The Disability’s Invisible, But the Pain is Real
As you may or may not know, this week is National Invisible Chronic Illness Awareness Week. I’ve written before about the “if you’re not in a wheelchair, you’re not physically disabled” phenomenon so many able-bodied people (and even some with disabilities themselves) perpetuate, but this is another great opportunity to discuss the pain and discomfort (both from the disabilities themselves and the ignorance from others about their existence) that so many of us face.
In light of You Can’t See My Pain, a fantastic post by Leah of Cromulent Words discussing judgments people are quick to make about actions they don’t realize are the result of one or more disabilities, I think it’s important for anyone who’s willing to discuss their disabilities and how they are affected by them. Positive intentions don’t change the harm inflicted on us when someone makes a misstep because of their ignorance, but if we can educate people who are willing to listen, we can work to eradicate the ignorance from rearing it’s ugly head in the first place.
One aspect of disabilities that’s important to understand right off the bat is the Spoon Theory, which describes how the severity of a disability’s effects can vary from day to day. My main physical disability is my left knee (along with the right knee, to a lesser extent), and one way this plays out for me is telling able-bodied people that my maximum capabilities are the lowest common denominator, e.g. “I can’t walk uphill,” even though on a really good day I can do so with less pain. I bet a lot of other people with disabilities can relate to what I refer to as the Lowest Common Denominator Theory of dealing with able-bodied people in their lives, as it’s very hard to have to attempt to explain “I can’t do that today” about an activity that they have seen you previously participate in. Who wants to deal with the accusations and potential to be forced into a very painful activity? It’s easier to avoid the activity in question altogether when around able-bodied people who aren’t functional allies.
One of the most frequent ways having an invisible disability affects me is taking the bus. From the second I walk up the steps onto the bus (which is a separate issue in and of itself), it begins. The bus drivers revs the engine as soon as I’m on, wreaking havoc on my knees as I desperately attempt to maintain balance while tagging my bus card or putting the fare into the machine. This continues for the entire ride if there is not a seat available, and of course no one leaves their seat if they judge you as not having a disability. “No cane? No seat!” Being young with tattoos does not help – I’ve been yelled at to move from a disability seat many times. I can’t even imagine the added damage that has been done to my knee from being forced to stand during many a bus ride over the years. I’ve also heard so many judgmental comments about people who take the bus short distances and how “lazy” they are. Lazy? I would give anything to not have to waste the money, and to be able to get around more easily without pain!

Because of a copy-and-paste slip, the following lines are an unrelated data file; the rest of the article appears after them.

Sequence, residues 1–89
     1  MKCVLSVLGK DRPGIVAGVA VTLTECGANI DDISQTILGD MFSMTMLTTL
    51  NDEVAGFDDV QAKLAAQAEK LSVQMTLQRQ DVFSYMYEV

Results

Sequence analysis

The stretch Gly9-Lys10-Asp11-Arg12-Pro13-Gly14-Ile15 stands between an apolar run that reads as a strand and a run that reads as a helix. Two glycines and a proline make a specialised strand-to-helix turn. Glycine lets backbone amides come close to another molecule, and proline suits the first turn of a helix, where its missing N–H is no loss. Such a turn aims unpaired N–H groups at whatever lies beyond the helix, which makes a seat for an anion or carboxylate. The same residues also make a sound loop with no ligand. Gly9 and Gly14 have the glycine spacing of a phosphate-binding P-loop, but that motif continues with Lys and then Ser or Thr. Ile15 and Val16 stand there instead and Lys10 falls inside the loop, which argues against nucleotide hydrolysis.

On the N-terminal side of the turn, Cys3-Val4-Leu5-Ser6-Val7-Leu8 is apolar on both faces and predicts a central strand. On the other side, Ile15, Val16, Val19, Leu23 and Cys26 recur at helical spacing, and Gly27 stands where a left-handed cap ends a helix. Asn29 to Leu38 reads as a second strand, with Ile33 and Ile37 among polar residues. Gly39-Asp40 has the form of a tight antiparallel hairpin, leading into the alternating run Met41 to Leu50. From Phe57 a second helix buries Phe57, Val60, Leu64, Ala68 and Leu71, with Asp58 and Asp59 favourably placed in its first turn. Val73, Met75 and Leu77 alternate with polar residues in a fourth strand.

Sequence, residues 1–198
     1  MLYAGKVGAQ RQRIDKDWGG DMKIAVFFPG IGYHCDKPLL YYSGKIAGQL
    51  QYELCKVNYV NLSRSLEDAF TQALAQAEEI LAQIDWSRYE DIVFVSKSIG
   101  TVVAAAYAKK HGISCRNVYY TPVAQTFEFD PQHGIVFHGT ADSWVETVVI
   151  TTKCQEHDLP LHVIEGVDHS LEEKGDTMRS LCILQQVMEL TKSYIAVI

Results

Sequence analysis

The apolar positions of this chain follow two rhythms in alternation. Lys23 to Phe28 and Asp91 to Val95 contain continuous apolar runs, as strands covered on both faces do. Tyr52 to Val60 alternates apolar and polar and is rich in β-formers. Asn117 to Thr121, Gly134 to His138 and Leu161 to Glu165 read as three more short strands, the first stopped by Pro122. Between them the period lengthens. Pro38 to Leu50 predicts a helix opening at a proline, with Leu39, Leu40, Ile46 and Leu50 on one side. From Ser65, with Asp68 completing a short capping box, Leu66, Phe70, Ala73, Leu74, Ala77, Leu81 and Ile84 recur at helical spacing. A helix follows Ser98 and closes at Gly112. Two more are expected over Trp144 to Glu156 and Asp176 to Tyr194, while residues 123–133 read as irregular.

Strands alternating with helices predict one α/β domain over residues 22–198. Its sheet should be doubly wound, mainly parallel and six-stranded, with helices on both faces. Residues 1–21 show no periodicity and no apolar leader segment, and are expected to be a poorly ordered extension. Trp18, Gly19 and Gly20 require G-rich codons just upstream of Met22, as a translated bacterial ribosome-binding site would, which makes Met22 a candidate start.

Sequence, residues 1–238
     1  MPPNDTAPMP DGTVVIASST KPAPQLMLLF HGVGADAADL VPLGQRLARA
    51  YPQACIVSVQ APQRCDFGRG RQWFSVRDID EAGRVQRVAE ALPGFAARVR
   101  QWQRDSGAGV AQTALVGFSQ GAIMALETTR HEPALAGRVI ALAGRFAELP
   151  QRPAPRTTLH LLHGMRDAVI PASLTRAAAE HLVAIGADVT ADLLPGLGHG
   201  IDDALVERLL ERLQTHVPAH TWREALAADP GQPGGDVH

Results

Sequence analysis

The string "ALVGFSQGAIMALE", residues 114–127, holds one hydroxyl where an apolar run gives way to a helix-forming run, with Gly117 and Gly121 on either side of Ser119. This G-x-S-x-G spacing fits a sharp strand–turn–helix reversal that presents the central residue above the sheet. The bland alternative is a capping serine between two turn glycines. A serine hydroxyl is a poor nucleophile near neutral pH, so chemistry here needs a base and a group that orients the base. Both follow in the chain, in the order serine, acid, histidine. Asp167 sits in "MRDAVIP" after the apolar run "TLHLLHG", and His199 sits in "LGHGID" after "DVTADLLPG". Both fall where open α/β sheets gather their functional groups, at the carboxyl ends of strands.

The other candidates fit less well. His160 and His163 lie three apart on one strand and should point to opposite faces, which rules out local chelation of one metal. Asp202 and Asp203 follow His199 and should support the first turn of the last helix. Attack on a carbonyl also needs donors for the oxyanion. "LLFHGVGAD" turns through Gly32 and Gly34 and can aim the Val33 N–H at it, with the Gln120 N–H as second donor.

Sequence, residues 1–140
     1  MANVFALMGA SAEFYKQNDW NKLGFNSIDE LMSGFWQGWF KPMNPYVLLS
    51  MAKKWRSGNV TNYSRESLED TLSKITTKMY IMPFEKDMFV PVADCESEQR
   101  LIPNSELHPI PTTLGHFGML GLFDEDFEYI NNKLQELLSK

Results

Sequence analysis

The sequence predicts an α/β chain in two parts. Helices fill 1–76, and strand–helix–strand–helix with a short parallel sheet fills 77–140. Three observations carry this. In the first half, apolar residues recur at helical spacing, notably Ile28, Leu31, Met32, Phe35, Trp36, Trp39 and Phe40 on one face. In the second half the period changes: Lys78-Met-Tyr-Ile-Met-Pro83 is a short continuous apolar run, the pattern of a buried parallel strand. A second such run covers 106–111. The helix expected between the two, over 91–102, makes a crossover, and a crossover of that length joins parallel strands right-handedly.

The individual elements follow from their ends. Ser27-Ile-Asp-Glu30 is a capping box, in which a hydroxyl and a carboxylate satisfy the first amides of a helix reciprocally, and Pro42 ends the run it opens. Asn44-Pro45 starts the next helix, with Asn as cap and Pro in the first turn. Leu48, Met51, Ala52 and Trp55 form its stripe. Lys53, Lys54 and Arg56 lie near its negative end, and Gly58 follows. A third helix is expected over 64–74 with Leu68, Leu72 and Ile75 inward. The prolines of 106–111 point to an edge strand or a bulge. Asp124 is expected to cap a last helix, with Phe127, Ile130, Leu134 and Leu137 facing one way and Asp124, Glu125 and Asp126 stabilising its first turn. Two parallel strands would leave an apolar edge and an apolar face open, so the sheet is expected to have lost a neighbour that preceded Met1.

There are countless other daily occurrences that hurt my knee, but I wanted to focus on the “simple” matter of taking the bus, as many people who don’t have a given disability don’t understand that even a molehill can be an obstacle, let alone a mountain. So before you judge someone or assume they don’t have a disability, remember that it’s not up to YOU to decide, and think about the privileged position you’re in if your life allows you to erase the existence of invisible disabilities.